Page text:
LOS ANGELES—Republican candidates heading into their first televised debate Wednesday in California’s looming recall election face a gamble: whether to pile up on Democratic Gov. Gavin Newsom or try to undercut each other in front of a statewide audience.
That’s the risk in the evening contest at the Richard Nixon Presidential Library in Orange County, California, which will provide a first-time look for many voters at a partial Republican field that hopes to see Newsom ousted from office in the Sept. 14 election.
The two best known candidates will be conspicuously absent: Caitlyn Jenner has been in Australia filming a reality TV program, while conservative talk radio host Larry Elder will be at a Bakersfield fundraiser. His spokeswoman said Elder wants to debate Newsom and warned in a Twitter post that a “circular firing squad” among GOP candidates would only benefit the governor.
That was echoed by Tim Rosales, a consultant for candidate Kevin Kiley, who said the four competitors on stage need to keep “firing at Newsom.”
For Kiley, a Sacramento-area assemblyman, “This is his first real, big opportunity to introduce himself” to voters across the state, Rosales said. “He’s going to be talking about the contrast between himself and Gov. Newsom.”
The stakes are elevated with mail-in ballots going to voters in about two weeks. Polls suggest the race is growing tight, with Newsom’s once-comfortable edge slipping as coronavirus cases reportedly climb and mask restrictions return across much of the state.
The debate comes at a time when Republicans already have witnessed signs of infighting that could drive down turnout and distract from the goal of toppling Newsom. Candidate John Cox, who was defeated by Newsom in the 2018 governor’s race, has accused GOP insiders of trying to steer an endorsement to Kevin Faulconer, the former San Diego mayor.
The recall, which could remove Newsom in the midst of his first term, grew out of widespread frustration during the pandemic over whipsaw stay-at-home orders, crushing job losses from business closures, and long-running school closures that together disrupted life for millions.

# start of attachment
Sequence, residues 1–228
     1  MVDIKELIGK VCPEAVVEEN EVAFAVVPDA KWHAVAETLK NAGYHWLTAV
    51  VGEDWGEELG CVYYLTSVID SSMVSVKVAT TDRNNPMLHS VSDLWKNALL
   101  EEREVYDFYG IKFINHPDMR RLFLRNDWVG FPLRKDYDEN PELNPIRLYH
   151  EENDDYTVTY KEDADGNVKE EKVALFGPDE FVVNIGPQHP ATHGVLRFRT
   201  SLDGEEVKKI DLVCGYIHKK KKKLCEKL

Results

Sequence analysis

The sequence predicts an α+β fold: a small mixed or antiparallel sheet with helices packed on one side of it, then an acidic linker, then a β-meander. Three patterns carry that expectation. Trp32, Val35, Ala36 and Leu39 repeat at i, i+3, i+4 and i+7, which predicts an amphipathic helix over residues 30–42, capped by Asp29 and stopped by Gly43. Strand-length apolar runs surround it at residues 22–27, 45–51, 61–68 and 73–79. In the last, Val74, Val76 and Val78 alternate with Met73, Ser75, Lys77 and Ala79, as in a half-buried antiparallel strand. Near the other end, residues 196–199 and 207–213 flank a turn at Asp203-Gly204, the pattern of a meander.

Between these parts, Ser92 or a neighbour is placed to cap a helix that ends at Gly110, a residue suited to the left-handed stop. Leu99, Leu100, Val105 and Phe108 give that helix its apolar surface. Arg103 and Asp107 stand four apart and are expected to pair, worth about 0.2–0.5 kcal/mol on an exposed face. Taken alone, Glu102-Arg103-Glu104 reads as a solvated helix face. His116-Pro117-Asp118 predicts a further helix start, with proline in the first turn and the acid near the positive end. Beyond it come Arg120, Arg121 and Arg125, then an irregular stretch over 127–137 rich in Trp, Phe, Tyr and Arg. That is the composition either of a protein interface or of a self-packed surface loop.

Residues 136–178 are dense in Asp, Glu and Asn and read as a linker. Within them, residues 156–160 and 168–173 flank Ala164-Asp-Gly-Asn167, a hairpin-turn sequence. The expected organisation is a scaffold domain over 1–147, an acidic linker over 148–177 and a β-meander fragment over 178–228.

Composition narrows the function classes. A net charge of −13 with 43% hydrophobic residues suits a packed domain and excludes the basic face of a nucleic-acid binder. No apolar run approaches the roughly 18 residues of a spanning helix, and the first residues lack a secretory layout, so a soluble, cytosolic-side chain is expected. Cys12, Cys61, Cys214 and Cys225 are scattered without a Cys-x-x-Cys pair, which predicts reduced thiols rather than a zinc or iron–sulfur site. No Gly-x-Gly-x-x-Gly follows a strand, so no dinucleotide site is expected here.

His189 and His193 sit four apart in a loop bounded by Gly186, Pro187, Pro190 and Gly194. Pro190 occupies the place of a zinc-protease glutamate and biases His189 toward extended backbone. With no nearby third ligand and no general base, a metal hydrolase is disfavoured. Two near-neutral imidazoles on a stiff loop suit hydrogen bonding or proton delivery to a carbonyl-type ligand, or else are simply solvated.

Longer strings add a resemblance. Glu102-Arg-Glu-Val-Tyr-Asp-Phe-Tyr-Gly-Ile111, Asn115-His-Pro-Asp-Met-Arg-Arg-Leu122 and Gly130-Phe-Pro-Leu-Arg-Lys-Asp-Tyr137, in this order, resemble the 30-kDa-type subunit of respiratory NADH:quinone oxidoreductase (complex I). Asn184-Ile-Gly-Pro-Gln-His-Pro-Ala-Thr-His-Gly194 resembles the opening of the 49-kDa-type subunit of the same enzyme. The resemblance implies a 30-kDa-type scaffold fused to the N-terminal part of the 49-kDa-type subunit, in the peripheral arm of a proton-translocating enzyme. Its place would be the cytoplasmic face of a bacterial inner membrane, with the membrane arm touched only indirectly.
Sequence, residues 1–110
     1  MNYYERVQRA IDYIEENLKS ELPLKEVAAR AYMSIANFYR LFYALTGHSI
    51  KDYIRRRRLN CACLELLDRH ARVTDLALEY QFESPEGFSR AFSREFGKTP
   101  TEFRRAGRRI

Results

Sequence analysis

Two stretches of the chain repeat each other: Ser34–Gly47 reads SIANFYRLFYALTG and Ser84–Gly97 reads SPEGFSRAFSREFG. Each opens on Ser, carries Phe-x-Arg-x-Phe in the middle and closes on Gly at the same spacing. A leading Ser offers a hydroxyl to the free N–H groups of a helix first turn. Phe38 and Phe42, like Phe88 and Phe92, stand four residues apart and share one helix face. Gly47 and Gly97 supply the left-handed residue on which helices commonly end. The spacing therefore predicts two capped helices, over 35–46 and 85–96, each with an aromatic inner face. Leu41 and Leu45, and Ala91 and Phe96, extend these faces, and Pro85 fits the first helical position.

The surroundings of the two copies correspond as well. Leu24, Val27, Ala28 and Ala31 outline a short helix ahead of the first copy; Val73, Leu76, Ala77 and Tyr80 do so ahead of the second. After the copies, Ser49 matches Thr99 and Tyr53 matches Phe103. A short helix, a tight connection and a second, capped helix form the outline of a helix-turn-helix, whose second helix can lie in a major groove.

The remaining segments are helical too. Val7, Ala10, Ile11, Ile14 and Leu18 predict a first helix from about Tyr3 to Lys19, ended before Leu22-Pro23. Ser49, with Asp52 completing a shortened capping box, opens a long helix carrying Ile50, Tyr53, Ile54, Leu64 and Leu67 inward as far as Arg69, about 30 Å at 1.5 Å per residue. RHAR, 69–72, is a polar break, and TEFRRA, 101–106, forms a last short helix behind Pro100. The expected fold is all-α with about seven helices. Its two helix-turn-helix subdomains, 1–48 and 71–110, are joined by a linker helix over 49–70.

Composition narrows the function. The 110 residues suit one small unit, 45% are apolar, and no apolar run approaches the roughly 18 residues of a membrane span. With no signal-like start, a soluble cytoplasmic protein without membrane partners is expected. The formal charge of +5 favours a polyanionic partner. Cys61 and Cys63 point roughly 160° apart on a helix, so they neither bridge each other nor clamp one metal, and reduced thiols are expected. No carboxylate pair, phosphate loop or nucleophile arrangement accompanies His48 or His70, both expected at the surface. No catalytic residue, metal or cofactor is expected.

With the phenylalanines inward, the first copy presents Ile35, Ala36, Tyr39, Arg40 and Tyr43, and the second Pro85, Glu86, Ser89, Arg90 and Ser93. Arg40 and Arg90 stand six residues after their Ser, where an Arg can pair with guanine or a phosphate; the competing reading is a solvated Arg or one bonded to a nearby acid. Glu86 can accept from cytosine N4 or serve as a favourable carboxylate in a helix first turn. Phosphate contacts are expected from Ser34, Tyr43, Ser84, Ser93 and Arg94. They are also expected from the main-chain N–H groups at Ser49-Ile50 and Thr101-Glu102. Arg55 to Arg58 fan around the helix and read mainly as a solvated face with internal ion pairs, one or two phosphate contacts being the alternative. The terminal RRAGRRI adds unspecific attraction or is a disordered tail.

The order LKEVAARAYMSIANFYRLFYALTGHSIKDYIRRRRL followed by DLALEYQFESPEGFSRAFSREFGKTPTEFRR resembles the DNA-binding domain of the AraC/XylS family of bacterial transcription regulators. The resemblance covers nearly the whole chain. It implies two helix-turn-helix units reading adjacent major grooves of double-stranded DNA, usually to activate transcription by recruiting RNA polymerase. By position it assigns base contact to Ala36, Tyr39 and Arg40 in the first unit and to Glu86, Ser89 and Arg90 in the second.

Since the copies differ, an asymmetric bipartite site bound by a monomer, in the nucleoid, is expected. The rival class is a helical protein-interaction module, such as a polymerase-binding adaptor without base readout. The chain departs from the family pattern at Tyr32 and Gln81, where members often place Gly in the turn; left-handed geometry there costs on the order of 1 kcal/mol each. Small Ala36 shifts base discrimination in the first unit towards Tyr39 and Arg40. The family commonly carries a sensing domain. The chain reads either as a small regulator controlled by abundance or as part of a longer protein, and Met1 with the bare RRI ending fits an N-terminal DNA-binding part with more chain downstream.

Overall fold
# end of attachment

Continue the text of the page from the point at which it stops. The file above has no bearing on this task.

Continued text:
Joining Kiley, Cox, and Faulconer will be former congressman Doug Ose, who represented a district in the Sacramento area.
Library officials said Newsom did not respond to an invitation.
“Every candidate on that stage is trying to connect with voters,” Ose said in an interview. “I always talk about kitchen table issues. These aren’t partisan issues.”
Ose said he intended to make clear that his experience in Congress and on water, agriculture, and energy issues sets him apart from his rivals.
Faulconer, too, said he intended to stress his experience as a Republican elected in Democratic San Diego: “I get that across, we’re gonna do good.”
The contest is being watched nationally as a barometer of the public mood heading toward the 2022 elections, when a closely divided Congress again will be in play. A Republican upset in the heavily Democratic state would be a stunning rebuke, and Newsom has warned that his ouster would have national implications in politics and policy-making.
Republican candidates have depicted Newsom as an incompetent fop whose bungled leadership inflicted unnecessary financial pain during the pandemic. Democrats have sought to frame the contest as driven by far-right extremists and supporters of former President Donald Trump.
Newsom earlier appeared well-positioned to beat back the recall attempt. But his standing has slipped, with polls showing Republicans are eager to vote while many Democrats have shrugged at the election. Newsom also is being faulted by GOP candidates for rising crime rates and energy and water shortages.
Voters will be asked two questions: First, should Newsom be removed, yes or no? The second question will be a list of replacement candidates from which to choose. If a majority votes for Newsom’s removal, the candidate who gets the most votes on the second question becomes governor.
With 46 replacement candidates on the ballot, it’s possible a winner could emerge with as little as 20 percent of the vote should Newsom be recalled—a fraction of what a candidate would need in a typical statewide election.
That unusual election math also has allowed Republicans to largely target their campaigns at Republicans and right-leaning independents, which could provide a sufficient coalition to win.
By Michael R. Blood and Kathleen Ronayne